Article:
As of yesterday, Robbie Keane is your Major League Soccer Most Valuable Player, so a big slap on the back and congratulations to LA Galaxy man. He’s certainly deserving, just as any of the other finalists would have been. But doesn’t this process — the methodology, the essential “how we got here” — feel just a little undercooked?
Take nothing away from Keane – a scoring tour du force and the gold standard for off-the-ball movement since touching his first blade of Carson, Calif., grass back in 2011. But it feels like this thing somehow came and went without quite enough discussion. Put another way, won’t it be nice when we have more rangy discourse on Most Valuable Player in MLS, the way we do in other sports?
No MLS Most Valuable Player race has included as many deserving candidates as this one. Four of them! Yes, the list extends beyond the other two official finalists, New England’s Lee Nguyen and Seattle’s Obafemi Martins. You could make a smart argument for New York’s Bradley Wright-Phillips, and that man couldn’t even elbow his way onto the finalists’ list.
So where was the arguing on all this? Where was the exchange of thought, the fist-pounding-on-table disagreement? Where was the huge discourse that broke down this field?
Oh, we had some differing opinions on who should win. But what are the criteria? What do we want these awards to be about? It’s a big prize, this Most Valuable Player, and we needed the maximum non-lethal dose of deliberation among supporters and members of the chattering class.
This one just didn’t sit right. It was a bit like eating something new and spicy. The meal was good and all, but maybe we feel some hazy and disquieting afterward – just a little something “off.”
Some of this can be credited to a game that is not “all grown up” yet in our land. MLS commissioner Don Garber referred just Tuesday to a league now into its “college” years. Sounds about right. Perhaps the conversation on these awards will develop apace.
And perhaps not all of the MVP races have deserved much animated discourse and debate. When Chris Wondolowski wowed us all with his 27-goal breakout two years ago, we couldn’t give him the thing fast enough. No need to toss that one back and forth.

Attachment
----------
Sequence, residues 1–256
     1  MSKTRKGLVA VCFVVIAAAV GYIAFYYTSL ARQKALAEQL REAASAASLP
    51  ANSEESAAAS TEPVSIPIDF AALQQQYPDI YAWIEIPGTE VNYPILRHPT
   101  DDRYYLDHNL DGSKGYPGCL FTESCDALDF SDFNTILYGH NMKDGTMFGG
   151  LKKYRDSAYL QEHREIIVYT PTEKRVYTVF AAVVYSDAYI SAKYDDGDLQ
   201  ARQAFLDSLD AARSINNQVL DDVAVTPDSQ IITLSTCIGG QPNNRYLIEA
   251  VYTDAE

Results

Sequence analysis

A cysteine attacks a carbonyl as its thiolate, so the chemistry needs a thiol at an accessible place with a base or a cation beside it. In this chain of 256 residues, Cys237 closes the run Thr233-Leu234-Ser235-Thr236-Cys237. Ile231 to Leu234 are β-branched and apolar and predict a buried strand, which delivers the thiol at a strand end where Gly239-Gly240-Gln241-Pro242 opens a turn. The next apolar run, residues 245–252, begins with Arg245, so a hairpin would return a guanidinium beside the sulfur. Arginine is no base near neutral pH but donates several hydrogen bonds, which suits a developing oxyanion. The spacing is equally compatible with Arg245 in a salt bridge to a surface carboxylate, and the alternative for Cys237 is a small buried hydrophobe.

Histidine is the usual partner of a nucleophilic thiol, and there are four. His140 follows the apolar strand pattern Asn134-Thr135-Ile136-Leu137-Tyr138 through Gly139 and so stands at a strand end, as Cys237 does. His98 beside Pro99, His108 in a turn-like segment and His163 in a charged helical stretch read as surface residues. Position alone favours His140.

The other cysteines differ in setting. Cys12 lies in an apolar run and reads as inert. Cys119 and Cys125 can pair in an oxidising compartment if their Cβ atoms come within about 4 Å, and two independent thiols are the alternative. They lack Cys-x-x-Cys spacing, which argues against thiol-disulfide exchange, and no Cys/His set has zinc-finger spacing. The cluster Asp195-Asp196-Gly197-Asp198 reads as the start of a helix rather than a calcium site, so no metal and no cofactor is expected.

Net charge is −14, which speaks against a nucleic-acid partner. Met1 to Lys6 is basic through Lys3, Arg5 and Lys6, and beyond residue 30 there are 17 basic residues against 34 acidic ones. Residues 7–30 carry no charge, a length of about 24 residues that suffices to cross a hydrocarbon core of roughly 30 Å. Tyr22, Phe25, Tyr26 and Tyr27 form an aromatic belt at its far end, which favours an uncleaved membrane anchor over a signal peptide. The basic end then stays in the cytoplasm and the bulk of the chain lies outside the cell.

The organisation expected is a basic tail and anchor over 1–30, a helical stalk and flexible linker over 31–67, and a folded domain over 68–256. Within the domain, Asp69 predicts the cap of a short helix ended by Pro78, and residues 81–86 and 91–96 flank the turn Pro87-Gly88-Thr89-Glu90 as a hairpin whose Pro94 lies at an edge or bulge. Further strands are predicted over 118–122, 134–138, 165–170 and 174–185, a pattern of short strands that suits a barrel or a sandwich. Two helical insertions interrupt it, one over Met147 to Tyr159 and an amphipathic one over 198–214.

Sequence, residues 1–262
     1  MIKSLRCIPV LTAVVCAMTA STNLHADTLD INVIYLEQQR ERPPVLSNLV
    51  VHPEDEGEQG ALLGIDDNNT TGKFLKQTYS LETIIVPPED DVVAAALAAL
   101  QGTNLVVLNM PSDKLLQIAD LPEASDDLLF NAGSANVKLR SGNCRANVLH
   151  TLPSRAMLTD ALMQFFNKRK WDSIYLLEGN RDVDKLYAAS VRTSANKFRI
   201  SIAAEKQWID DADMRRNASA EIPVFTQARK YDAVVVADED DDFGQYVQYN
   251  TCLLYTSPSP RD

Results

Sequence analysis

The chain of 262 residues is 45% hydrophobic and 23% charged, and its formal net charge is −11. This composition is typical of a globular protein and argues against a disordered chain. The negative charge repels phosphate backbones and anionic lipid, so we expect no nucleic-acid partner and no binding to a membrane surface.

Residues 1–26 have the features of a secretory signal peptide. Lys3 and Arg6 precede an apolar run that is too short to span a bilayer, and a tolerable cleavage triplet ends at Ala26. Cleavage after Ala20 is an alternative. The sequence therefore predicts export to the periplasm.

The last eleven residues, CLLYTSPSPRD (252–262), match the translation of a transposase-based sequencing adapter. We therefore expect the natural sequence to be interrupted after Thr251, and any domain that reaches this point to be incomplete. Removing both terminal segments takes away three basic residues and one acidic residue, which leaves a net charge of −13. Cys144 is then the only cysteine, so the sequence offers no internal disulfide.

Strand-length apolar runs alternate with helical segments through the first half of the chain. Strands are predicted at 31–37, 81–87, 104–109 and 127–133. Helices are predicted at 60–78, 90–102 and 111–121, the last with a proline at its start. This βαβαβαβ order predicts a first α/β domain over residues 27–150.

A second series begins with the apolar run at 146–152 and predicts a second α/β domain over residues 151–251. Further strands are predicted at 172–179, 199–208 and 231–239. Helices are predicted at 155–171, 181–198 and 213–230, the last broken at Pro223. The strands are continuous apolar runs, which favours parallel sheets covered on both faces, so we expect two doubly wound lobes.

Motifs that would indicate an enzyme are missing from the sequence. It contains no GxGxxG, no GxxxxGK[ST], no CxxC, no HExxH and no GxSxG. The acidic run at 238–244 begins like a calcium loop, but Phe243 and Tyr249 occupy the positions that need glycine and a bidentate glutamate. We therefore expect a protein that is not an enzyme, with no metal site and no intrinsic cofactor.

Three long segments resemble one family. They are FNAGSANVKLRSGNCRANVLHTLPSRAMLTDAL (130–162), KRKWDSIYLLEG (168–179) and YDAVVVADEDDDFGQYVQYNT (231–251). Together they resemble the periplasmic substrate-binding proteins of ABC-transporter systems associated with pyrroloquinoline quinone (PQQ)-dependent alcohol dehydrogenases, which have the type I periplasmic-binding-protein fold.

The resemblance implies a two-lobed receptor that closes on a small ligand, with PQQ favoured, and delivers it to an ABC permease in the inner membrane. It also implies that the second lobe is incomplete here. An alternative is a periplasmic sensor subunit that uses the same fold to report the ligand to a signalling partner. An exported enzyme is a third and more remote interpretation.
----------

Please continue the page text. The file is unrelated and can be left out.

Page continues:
In some other years the candidates were a bit, well, underwhelming. For instance, in 2011 Dwayne De Rosario (who played on three teams that season, the last of which did not make the playoffs) beat out finalists Brad Davis and an already fading Brek Shea. Nobody wanted to spend too much brain effort on that one.
But this one, this little cupcake needed more time in the oven. Was there enough conversation about Nguyen nailing 18 goals … as a midfielder? Luciano Emilio, a D.C. United forward, struck for 20 goals in 2007, and he walked away with that year’s MVP.
Wondolowski, as mentioned, was a runaway winner two years ago. He dominated the voting the way Google dominates searching stuff, capturing 91 percent of the club voting and 97 percent of the media votes. He crushed the field because he matched a league record with a crackerjack campaign of 27 goals.
But Wright-Phillips (above) did the exact same thing in 2014, striking 27 times. And yet, what made Wonder Wondo a dash-away MVP wasn’t enough to get Wright-Phillips and his catchy Twitter handle (@TheRealBWP) on the final ballot. How does that scan?
For that matter, why aren’t we talking about the number of finalists? Why just three? What, was that number set by royal decree? If four players are deserving, what’s wrong with a foursome of finalists?
If you say Wright-Phillips had a wine barrel full of help from dreamy teammate Thierry Henry, fair enough. But then I might say, “Well, what about Clint Dempsey? Isn’t he an MLS force, too? And doesn’t he play alongside Martins?” Why wasn’t that part of the conversation?
Same for Landon Donovan, who hand a hand in making Keane such an L.A. Galaxy force. Henry was masterful for New York this year; 14 assists is documented evidence. But Donovan led the league in assists with 19, and yet this is never mentioned when we talk about Keane’s MVP case.
How come? Because we just don’t discuss this stuff sufficiently. It’s like we run the first K of a 5K, but then stop to mess with our iPhones and forget to get back into the race. With other sports, we have classic, ongoing debates about what the Most Valuable Player means. Best player? Player who contributed the most for his team? Player whose team might be the biggest dumpster fire without him? Should we factor in leadership and citizenship and all the other Boy Scout bagdes? Or can the guy be as nasty as Season 5 Walter White and claim the honor so long as he’s purring around the field like the noblest of house cats?
We lean into these discussions in other sports, but not so much with MLS. We nibble at the edges here, mostly thanks to niche media sites, but when is this conversation the conversation?
This pox extends beyond MVP. Bill Hamid was just named Goalkeeper of the Year for his outstanding season at RFK Stadium. Take nothing away from Hamid, whose talent has long been on the national team radar. But the fact that another year has come and gone and Real Salt Lake’s Nick Rimando still doesn’t have a Goalkeeper of the Year honor on his CV says bad things about the process.
Over the last eight years, only two fullbacks have been named to an MLS Best XI team (Jonathan Bornstein in 2007 and Todd Dunivant in 2011). There seems to be some fabulously flawed methodology at work. (Either that, or we’re seriously flawed as voting fans and journalists … so let’s go with methodology!)
Maybe we can come up with better answers. Maybe we’d even come up with a different MVP for 2014. Maybe not. Either way, as the game grows and we all mature in how we view and analyze the game, let’s not forget to talk these things through a little more.